No thought was given to changing perspectives on crime and punishment. If anything, the game is a satirical look at society's lust for violence and reality-type television. It was a tough tightrope to walk. If we made it too dark, it would have lost the overblown, overproduced aspects I was aiming for... and if we made it too gonzo, it would lose the dark and gritty vibe. The game had to be both, but not too much of either, if that makes sense.

One of my goals regarding the implementation of the Event Deck was to focus on things that might happen often in such a sport. This was how I devised some of the cards being "Keeper" cards (i.e., cards that, when drawn, are placed in the players hand for later use). This generalization helps cut down on the cards feeling repetitive. For example, one card allows a hunter who eliminates a crim while near a terrain feature to gain extra points for creatively using that terrain feature in the elimination. This is something that would probably happen quite a lot in the setting.
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11 Feb 2019 14:04 - 11 Feb 2019 14:13 #292091 by CynthiaCM

hotseatgames wrote: I'd like to know what kind of player interaction is in the game, since it's not PvP.


Much of the interaction comes from the use of Event Cards. Players with "Keeper" cards can target the other hunters to hinder them in some manner. You can really make your opponent have a bad day if you play the right card at just the right moment. As an example, one card can be played on a hunter that is close to the edge of the table (which is, in the game setting, supposed to be a tall wall with guards on top). The guards mistake the hunter for a crim trying to escape and shoots at them.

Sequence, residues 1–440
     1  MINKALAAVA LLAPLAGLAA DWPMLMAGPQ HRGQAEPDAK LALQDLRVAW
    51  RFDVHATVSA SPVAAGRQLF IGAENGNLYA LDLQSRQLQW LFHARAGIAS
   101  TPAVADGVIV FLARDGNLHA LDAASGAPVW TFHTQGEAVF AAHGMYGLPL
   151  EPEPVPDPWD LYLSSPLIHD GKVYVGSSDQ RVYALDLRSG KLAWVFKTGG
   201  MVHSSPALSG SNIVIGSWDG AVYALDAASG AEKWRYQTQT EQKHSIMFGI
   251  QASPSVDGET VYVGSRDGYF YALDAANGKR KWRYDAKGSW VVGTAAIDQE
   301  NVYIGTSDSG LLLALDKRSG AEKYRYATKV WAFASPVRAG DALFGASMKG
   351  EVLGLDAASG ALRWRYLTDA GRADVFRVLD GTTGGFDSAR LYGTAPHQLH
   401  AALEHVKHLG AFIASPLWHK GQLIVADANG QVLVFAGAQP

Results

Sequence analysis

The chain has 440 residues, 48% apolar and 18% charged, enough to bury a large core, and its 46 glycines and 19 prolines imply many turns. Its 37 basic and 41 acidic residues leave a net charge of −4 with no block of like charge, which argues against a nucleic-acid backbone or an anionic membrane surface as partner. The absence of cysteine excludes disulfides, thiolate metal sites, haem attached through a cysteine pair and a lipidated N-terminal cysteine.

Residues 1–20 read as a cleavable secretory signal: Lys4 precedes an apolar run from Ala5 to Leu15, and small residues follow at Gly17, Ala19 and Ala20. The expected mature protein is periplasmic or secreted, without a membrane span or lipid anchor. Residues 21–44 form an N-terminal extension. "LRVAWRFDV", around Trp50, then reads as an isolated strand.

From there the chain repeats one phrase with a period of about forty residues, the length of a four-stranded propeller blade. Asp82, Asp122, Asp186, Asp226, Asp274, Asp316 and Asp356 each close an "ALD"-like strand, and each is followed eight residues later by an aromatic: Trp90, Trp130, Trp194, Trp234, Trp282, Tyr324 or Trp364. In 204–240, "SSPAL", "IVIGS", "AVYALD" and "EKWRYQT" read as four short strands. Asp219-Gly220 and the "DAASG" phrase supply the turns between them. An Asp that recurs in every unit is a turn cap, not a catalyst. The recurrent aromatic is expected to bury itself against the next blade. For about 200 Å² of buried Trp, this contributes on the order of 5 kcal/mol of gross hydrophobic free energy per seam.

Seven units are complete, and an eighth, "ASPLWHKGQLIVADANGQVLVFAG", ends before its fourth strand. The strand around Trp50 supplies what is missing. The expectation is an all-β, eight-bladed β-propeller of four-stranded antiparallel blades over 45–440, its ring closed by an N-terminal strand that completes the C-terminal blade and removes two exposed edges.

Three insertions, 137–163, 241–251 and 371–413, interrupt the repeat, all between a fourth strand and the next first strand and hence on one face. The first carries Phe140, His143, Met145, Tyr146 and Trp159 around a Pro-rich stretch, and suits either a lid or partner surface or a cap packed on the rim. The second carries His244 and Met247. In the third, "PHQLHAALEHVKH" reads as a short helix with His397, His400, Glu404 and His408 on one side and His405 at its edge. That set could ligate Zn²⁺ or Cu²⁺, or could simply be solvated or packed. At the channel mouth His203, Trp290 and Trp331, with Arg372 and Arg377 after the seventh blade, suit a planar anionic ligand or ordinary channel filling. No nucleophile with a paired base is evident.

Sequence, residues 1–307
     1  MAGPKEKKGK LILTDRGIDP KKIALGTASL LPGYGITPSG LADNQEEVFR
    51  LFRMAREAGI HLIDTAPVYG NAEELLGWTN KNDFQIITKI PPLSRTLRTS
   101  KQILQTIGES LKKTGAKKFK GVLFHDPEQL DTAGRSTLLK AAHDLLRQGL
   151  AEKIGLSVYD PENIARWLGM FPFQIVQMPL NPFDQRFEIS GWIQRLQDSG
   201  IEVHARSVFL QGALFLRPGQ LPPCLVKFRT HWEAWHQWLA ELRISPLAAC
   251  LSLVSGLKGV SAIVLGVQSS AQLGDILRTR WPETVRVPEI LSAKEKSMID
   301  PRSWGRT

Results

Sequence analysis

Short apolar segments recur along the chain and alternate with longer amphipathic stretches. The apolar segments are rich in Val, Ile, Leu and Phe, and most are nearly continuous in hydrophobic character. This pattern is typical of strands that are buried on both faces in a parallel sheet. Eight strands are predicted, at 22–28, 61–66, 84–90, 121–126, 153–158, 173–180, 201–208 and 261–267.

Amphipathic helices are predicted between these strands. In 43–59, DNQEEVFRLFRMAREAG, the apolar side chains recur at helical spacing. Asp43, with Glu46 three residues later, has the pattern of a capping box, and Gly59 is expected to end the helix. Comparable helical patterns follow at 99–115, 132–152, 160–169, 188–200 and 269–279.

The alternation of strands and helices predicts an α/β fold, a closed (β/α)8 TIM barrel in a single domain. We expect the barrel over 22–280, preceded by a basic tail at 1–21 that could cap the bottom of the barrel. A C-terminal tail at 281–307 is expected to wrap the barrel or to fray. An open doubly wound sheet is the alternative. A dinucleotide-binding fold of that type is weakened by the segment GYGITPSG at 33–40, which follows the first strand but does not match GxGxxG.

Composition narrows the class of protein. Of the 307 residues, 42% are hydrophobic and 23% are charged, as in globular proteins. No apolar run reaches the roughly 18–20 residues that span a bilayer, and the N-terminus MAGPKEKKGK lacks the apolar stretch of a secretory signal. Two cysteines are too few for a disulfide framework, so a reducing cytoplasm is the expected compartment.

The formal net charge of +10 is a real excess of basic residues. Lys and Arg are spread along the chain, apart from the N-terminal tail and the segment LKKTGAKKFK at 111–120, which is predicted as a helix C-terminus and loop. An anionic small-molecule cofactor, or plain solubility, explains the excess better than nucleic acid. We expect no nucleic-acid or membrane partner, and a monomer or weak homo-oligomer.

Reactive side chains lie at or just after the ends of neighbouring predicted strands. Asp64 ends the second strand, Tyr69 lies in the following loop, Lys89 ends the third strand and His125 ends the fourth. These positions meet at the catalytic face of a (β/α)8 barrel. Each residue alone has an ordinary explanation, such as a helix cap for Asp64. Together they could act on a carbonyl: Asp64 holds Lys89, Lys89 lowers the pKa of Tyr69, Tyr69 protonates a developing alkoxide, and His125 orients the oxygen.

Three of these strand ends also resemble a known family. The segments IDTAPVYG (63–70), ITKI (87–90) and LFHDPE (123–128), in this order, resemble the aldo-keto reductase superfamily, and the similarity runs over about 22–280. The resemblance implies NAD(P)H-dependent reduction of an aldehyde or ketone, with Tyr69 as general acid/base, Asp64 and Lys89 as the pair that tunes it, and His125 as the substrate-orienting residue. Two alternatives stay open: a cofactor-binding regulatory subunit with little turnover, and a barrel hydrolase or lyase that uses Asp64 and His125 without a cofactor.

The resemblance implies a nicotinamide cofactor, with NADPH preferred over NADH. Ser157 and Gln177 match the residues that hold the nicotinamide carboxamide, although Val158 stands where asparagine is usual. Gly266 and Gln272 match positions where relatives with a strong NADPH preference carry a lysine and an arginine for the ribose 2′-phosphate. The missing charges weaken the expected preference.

Also, it's pretty common for hunters to snipe each other's eliminations, since only the hunter that kills the crim receives points for it.
Last edit: 11 Feb 2019 14:13 by CynthiaCM.
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11 Feb 2019 14:43 #292095 by ubarose
How can I purchase a copy of Manos Cards of Fate? I really must have a copy of this game.
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11 Feb 2019 15:28 #292100 by CynthiaCM

ubarose wrote: How can I purchase a copy of Manos Cards of Fate? I really must have a copy of this game.


Unfortunately, it's not released yet, but I'm hoping to have it ready to roll this summer. I've obtained permission to use the restored version of the film for screen caps, but I've had some issues with retaining the quality of the images. It's been a slow process. In the end, the Master will approve of the final product (R.I.P., Tom Neyman).
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11 Feb 2019 17:43 #292102 by ubarose

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11 Feb 2019 17:51 #292103 by Dutch
Hi. I've been trying to find a good RPG system for handling the Wild West. Can you give me a brief description of Wild West Cinema? I've played loads of different RPGs, but no Spectrum games, I'm afraid.

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11 Feb 2019 18:20 #292105 by CynthiaCM

ubarose wrote: Let us know when you have a release date.


I definitely will.

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11 Feb 2019 18:22 #292106 by CynthiaCM

Dutch wrote: Hi. I've been trying to find a good RPG system for handling the Wild West. Can you give me a brief description of Wild West Cinema? I've played loads of different RPGs, but no Spectrum games, I'm afraid.


Like all our games, WWC is all about faithfully emulating the genre in question. In this case, it's spaghetti westerns. The system is fast and loose but with enough structure to keep things interesting. Every rule was designed with the idea of bringing to life the feel of those old movies rather than being historically accurate.
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11 Feb 2019 19:50 #292108 by Dutch